Military historian and journalist Ken Beaton said Nevada Gov. E.P. Carville asked residents in 1944 to contribute 2,368 silver dollars so each member of that heroic crew could be given a souvenir dollar. Beaton said the silver dollars were presented to every enlisted man and officer aboard at a ceremony November 19, 1944.

“I still have the silver dollar,” Sehe told a gathering at the USS Nevada memorial behind the Capitol in 2015.

Sehe served on the Nevada for more than four years in the Aleutian Islands, off Normandy Beach on D-Day. The Nevada provided cover for the invasion of southern France on nine convoy runs between Boston and Belfast and supporting the U.S. invasions of Iwo Jima and Okinawa.

More than 2,400 military and civilian personnel died in the Pearl Harbor attack including 60 on the USS Nevada. Another 109 were wounded. At a ceremony at the state capitol in 2015, Beaton said Sehe was presented a USS Nevada cap and an American flag that was flown over the Capitol.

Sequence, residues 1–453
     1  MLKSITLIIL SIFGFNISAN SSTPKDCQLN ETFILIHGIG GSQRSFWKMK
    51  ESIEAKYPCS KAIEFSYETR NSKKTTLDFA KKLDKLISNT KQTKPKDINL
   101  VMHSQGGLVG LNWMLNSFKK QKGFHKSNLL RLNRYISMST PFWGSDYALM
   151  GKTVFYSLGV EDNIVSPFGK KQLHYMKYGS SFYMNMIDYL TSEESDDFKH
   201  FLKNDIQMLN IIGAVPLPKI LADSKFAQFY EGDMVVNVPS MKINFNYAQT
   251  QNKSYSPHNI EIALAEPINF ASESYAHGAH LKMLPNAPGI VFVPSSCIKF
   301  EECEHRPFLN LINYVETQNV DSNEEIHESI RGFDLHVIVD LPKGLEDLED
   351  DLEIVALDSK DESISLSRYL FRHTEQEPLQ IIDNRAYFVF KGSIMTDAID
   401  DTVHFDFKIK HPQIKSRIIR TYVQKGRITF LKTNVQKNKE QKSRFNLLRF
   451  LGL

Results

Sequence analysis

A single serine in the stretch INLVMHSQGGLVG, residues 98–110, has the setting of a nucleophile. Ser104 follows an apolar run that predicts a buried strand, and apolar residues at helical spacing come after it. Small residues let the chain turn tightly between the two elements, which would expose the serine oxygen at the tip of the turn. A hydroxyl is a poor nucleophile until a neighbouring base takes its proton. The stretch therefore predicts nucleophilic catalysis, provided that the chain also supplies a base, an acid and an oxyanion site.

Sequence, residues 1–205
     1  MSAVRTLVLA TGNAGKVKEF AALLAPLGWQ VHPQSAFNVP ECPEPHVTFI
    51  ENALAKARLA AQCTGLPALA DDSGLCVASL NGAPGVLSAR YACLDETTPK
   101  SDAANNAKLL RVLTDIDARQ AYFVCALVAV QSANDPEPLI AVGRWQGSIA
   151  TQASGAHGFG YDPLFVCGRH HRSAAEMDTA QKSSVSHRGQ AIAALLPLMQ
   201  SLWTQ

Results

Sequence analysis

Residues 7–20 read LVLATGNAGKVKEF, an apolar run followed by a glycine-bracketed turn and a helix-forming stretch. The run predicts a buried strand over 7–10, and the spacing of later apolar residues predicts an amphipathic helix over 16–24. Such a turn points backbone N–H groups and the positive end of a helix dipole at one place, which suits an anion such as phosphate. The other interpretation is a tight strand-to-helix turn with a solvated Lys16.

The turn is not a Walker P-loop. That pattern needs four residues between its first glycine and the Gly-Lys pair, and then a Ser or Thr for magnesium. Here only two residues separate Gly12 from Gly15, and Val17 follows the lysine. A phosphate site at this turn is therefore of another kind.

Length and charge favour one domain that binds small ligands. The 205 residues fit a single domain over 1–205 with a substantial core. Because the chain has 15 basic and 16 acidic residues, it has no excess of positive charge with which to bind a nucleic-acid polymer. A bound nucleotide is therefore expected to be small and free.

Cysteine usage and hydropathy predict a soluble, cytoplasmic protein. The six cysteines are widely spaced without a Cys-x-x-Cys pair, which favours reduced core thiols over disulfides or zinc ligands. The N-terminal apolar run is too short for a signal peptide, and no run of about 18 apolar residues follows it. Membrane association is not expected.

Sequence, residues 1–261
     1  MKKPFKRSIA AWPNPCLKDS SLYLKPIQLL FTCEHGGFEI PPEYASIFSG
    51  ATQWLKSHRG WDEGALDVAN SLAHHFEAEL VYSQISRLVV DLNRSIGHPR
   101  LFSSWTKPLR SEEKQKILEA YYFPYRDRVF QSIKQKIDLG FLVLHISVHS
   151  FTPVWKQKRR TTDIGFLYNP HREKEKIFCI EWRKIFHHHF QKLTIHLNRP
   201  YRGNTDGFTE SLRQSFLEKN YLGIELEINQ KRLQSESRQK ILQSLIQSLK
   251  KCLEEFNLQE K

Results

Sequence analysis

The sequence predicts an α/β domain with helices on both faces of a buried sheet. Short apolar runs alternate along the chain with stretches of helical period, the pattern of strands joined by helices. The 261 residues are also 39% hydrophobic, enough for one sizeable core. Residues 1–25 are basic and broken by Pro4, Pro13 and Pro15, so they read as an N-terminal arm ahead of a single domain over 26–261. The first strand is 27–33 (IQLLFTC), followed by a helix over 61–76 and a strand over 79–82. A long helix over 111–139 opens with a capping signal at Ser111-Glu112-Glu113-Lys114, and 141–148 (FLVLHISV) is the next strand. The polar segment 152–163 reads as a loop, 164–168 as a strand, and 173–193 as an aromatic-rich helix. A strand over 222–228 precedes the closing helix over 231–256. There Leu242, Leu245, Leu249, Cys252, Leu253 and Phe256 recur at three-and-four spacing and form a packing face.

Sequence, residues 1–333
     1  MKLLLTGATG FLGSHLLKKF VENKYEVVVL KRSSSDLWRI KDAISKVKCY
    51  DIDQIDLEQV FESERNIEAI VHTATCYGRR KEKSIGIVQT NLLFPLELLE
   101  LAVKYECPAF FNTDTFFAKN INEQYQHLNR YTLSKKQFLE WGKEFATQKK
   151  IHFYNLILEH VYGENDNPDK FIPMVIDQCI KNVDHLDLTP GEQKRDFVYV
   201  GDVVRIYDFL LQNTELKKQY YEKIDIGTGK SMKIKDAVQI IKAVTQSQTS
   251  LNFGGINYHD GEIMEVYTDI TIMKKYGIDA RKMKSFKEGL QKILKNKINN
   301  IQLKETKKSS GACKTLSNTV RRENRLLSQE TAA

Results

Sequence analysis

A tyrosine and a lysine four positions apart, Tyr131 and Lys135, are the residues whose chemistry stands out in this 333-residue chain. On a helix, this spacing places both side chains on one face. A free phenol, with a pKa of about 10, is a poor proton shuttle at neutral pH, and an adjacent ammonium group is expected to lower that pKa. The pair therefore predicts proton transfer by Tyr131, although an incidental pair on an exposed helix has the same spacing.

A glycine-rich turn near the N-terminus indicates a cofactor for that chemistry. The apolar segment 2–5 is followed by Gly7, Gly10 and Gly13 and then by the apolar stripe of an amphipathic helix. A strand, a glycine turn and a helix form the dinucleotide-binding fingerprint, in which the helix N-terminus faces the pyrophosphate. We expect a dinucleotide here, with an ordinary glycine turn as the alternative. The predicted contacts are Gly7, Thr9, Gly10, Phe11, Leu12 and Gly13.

“He (Sehe) urged those attending to think of all those who were lost in battle as he rang the bell five times,” Beaton remembers.

Galloway said USS Nevada sailors like Sehe and 100-year-old Dick Ramsey, who visited Reno and Carson in early November, epitomize the strength the personnel and ship mustered on that fateful day.

“It’s a great ship, always willing to do its share,” Galloway said. “We know it’s a strong ship, like strong armies. They save lives because they end wars. They don’t prolong it. That’s what the Nevada did.”

During its four years of war, the Nevada downed eight attacking Japanese airplanes at Pearl Harbor and destroyed 71 German tanks during the D-Day attack on Normandy.

The USS Nevada’s mooring location at Pearl Harbor.

Steve Ranson / Nevada News Group


USS Nevada projects